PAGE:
Assistant coach Sebastien Migne said Le Roy had written his letter in the heat of the moment and discussions on whether he would stay with the team were taking place.
Congo Football Federation president Constant Omari headed to Port Elizabeth on Friday to deal with the strike, 48 hours before the team's opening match at the tournament.
Before leaving Johannesburg, Omari said all was fine in the camp but players have now gone two days without training as they seek to force payment of promised bonuses.
Players had also staged a mini strike during last weekend's training camp in the Middle East.
Most players had already received payment but several of the team's coaching staff had been left out and the strike was in solidarity with them, officials said.
"We have had nothing but problems throughout the build-up," Migne told reporters on Friday. "We feel a little abandoned by the Congo government over the issue of bonuses and allowances."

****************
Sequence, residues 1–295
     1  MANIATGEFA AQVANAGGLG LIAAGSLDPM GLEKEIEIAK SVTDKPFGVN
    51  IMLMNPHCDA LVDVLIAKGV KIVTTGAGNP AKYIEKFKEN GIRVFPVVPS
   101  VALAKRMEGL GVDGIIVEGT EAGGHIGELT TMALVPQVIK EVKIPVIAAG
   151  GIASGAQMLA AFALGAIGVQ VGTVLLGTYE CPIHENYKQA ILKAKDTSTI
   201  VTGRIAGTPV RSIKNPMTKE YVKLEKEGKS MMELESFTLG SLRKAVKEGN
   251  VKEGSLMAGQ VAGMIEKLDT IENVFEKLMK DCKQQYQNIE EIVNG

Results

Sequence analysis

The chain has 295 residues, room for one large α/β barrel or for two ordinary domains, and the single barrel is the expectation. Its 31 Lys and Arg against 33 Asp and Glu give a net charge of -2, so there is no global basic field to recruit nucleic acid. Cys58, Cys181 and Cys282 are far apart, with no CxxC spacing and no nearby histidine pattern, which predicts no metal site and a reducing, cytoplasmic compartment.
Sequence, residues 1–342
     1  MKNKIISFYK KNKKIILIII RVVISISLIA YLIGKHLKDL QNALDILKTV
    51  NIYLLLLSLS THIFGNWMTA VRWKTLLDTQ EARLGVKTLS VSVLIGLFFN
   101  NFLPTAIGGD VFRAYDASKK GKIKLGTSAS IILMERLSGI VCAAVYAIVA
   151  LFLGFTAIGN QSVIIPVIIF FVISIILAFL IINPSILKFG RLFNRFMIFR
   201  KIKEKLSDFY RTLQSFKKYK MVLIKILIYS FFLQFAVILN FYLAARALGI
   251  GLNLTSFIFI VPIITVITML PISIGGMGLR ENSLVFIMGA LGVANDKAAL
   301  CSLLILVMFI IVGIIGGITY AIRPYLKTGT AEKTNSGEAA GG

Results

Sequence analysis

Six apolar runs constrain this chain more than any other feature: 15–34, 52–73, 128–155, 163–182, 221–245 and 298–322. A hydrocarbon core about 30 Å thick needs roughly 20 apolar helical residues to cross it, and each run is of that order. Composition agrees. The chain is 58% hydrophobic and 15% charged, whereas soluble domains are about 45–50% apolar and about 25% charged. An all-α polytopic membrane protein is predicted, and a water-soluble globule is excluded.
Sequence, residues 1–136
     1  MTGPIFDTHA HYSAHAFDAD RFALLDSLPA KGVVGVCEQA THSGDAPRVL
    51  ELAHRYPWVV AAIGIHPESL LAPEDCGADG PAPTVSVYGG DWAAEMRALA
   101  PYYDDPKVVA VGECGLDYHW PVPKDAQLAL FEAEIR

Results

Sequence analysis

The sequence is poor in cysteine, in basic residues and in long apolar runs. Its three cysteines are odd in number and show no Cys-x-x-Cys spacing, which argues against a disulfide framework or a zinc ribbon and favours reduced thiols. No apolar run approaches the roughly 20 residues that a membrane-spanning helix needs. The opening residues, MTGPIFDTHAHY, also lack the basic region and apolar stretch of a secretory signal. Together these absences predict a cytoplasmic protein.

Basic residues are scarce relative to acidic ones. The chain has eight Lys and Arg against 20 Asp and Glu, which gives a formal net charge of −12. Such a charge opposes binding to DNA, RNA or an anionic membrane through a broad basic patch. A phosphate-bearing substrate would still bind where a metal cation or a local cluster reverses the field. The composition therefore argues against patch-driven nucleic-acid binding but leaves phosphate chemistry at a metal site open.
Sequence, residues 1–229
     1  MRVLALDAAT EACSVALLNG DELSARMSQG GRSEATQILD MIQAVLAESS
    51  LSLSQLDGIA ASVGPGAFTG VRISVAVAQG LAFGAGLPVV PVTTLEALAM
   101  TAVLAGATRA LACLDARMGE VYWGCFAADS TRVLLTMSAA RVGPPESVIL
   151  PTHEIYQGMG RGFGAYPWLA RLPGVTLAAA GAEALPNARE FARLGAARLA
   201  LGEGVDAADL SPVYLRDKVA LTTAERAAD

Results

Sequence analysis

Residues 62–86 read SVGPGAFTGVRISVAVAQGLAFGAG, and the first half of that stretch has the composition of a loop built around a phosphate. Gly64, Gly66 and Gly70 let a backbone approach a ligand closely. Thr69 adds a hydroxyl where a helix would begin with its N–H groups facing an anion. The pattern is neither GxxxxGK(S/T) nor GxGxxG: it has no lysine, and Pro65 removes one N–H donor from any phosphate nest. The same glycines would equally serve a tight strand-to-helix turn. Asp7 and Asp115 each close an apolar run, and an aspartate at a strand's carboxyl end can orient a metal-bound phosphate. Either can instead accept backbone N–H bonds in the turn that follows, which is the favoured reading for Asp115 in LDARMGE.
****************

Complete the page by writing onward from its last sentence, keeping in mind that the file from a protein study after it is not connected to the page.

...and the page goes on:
Squabbling over bonus payments and allowances is a time-honoured tradition at the Nations Cup, usually a three-way tussle between players, their football association and government, who bankroll the campaign.
Frenchman Le Roy, 64, is a towering figure in the African game and will extend his record of tournament appearances to 29 games if he takes charge of the Congolese side in their opening Group B match against Ghana in Port Elizabeth on Sunday. He was a Nations Cup winner with Cameroon in 1988.
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